Nineteen-year-old Naim Saban balances on a log in East Sooke Park as he learns the story behind the ancient petroglyph carved onto a rock.
Randy Chipps, an elder from the Beecher Bay (Scia’new) First Nation, explains to Saban and five other Syrian refugees that thousands of years ago, this image of a seal would have acted as an address, a way to mark a family’s territory.
For most of these young men, age 16 to 23, this excursion on a hot August day is their first time hiking and their first time hearing about Canada’s First Nations history. It was organized by Robin McGeough, who works at Mountain Equipment Co-op in Victoria and secured $1,000 in funding through the company’s Big Day Out program.
As the group walks along the picturesque ocean-front trail, Chipps has only an hour to explain the deeply embedded roots of Indigenous culture and how the legacy of colonialism and residential schools uprooted people from their homeland.
It’s a story to which these Syrian youth can relate. They know the trauma of being ripped from their home, know the gaping hole that’s left when families are torn apart.
Saban, who wears stylish Ray Ban sunglasses, a palm-tree patterned button-down shirt and jeans, has the confidence of someone who has quickly adapted to Canadian life over the past 18 months in Victoria. He has a Canadian girlfriend whom he met while living in temporary accommodation in Langford before he settled into permanent housing. He found work as a tiler, and in September will continue English classes at Camosun College.
But one thing is missing: his family.
Saban was resettled to Victoria with his older sister, her husband and their kids in April 2016. But their parents and five siblings remain in a refugee camp in Turkey. His mother has cancer, and Saban is worried she’s not getting the medical care she needs.
Every month he sends part of his earnings, between $400 and $500, to help pay for her medication. He’s desperate to have his family sponsored to come to Canada, so they can leave behind the monotony of the refugee camp, to experience the freedom to go on a hike.
“Sitting in a camp, it’s nothing. Every day the same, it doesn’t have new life there.”
When McGeough was organizing the outing, it was important that it be grounded in First Nations culture.
“I wanted to connect a new community with an old community around a natural space that’s really meaningful.”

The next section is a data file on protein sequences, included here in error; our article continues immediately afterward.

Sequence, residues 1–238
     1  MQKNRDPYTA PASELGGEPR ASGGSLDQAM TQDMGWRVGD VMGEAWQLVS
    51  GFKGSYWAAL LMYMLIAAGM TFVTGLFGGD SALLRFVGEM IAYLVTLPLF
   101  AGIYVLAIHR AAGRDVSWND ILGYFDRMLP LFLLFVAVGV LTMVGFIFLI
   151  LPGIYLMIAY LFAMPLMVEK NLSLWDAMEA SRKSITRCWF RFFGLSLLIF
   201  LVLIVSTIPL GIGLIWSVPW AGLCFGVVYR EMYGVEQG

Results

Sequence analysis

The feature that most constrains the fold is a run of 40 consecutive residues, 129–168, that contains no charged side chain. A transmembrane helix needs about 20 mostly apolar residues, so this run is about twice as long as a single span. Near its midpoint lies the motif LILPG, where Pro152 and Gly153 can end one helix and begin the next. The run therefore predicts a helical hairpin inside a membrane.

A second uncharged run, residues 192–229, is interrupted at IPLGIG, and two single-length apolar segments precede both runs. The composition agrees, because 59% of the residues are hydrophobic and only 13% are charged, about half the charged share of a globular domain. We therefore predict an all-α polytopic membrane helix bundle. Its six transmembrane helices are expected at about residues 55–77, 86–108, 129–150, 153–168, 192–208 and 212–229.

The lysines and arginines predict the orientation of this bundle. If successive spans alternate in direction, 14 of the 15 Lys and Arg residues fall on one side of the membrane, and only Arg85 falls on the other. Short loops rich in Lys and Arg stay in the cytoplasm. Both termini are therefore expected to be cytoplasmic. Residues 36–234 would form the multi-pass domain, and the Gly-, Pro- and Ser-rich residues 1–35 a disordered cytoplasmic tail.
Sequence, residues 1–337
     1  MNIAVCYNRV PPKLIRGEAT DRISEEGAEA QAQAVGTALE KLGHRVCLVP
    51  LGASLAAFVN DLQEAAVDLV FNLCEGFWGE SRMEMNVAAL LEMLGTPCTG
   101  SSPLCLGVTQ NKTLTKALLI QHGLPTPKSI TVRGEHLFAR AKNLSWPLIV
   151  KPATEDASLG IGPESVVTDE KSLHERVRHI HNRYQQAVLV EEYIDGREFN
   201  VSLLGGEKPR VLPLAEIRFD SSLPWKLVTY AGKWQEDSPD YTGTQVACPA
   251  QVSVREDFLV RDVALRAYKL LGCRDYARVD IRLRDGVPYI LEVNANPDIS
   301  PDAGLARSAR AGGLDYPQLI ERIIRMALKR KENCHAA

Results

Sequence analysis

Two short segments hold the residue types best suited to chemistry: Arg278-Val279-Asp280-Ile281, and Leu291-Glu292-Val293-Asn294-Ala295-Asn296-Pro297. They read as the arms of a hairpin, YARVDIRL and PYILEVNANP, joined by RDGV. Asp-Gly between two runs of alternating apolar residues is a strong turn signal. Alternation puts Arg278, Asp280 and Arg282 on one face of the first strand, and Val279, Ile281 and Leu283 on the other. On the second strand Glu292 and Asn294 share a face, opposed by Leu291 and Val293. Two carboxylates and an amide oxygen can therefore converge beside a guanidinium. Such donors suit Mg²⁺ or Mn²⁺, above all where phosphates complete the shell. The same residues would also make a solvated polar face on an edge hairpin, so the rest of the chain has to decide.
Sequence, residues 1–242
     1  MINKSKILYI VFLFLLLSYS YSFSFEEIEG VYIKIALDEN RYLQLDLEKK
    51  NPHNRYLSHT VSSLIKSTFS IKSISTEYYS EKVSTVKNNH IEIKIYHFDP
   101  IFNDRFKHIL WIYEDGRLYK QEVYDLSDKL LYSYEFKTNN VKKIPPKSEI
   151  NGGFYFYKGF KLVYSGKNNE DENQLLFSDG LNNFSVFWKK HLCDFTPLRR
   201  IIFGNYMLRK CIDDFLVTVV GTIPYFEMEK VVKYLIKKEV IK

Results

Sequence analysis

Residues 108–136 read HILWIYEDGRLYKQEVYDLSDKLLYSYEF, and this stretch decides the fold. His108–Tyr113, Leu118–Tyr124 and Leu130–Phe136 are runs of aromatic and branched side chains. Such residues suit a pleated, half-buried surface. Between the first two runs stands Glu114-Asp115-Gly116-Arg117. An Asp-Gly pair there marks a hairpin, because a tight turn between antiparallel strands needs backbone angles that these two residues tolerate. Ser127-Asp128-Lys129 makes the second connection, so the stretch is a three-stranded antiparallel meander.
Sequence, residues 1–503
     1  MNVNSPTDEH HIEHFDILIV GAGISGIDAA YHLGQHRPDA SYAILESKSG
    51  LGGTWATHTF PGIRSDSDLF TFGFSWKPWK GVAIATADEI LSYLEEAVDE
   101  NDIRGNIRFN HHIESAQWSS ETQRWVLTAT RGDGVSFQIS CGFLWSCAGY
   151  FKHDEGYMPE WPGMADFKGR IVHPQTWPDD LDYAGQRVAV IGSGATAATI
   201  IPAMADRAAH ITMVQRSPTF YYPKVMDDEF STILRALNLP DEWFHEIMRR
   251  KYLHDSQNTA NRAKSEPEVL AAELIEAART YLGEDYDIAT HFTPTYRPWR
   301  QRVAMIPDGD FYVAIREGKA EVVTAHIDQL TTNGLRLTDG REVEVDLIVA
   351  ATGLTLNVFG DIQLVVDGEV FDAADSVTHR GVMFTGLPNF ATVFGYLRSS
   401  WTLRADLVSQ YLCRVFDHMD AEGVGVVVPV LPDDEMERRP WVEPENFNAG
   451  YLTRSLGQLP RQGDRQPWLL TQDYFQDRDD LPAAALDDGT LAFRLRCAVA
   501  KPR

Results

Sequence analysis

The hike symbolized a connection between “where we’ve come from and where we’re going,” he said.
If you ask Ayman Al-Sultan where he’s going, the answer is simple. He’s going to be a soccer star. Wearing a black track suit, the 19-year-old sees himself playing for the Vancouver Whitecaps or the Canadian national team.
Al-Sultan said the two years waiting to be resettled in Lebanon put his soccer career in limbo. But since moving to Victoria with his family, his resolve has hardened. He’s playing on a Division 1 team with Gorge Soccer Association and has tried out for the Victoria Highlanders.
“I just need good direction, the right hand,” he said. “I need an opportunity.”
The group stops for a picnic on a rock with a view of boats across the water. McGeough unpacks hummus, vegetables and Red Barn sandwiches. He shows the group how to make coffee by boiling water on a portable burner stove and pouring it into a French press.
At one point, McGeough points out a seal in the water. Ahman Hj, the youngest of the group at 16, looks out at the ocean, perhaps looking for a whale.
Laura Chipps, Randy Chipps’ wife, has already explained that whales are sacred in First Nations culture. She told the group how in 2010, a 10-metre grey whale washed up on the beach, which drew hundreds of spectators. She recounted how upset Indigenous people were when some onlookers climbed on the whale and cut off pieces of the carcass.
Randy Chipps tells how generations ago, the process of hunting a whale was a year-long feat that included the entire community. He acts out the motion of plunging a spear into the whale’s heart and says every inch of the whale would be put to good use, the bones carved into weapons and tools, the blubber turned into oils and soap. He finishes the story with a traditional blessing in Ditidaht, an Indigenous language that few still speak.
Later in the hike, Randy Chipps and Saban trade language lessons. The elder asks: “How do you say: ‘How are you?’ ” and Saban answers in Arabic, correcting Randy’s pronunciation as he repeats the phrase.
Saban said once he asked a Canadian “how are you,” and the person responded: “I’m hunky-dory.”
“What this mean?” Saban asks Randy.
“It means things are all right, not great. Not too good, not too bad,” he explains.
The day ended with a paddleboard lesson from two instructors from Pacifica Paddle Sports. As the six Syrians zipped up their life vests and pushed the boards out into the waves, they appeared confident with the new sport.
Ammar Kahil said he always jumps at the chance to try new things, which he often hears about through the Intercultural Association, the resettlement agency for refugees.
“It’s amazing. I love to do something that’s the first time I do it,” said the 23-year-old from Damascus.
He loves Victoria, his second home, but says his mind and his heart are still in Syria.
“I miss my home, my country, my street, my house, my friends, my neighbours.”
Kahil said his home country is like a mother. You can’t choose it, and wherever you go, it will be with you your entire life. But you can choose your wife, so Canada, he says, is like his wife.
Randy Chipps said he was happy that all six Syrian youth seemed eager to learn about the Indigenous history of their new home.
He wants newcomers to Canada “to know that they’re welcome and that they won’t be lost. That they can bring their stories here and add to ours.”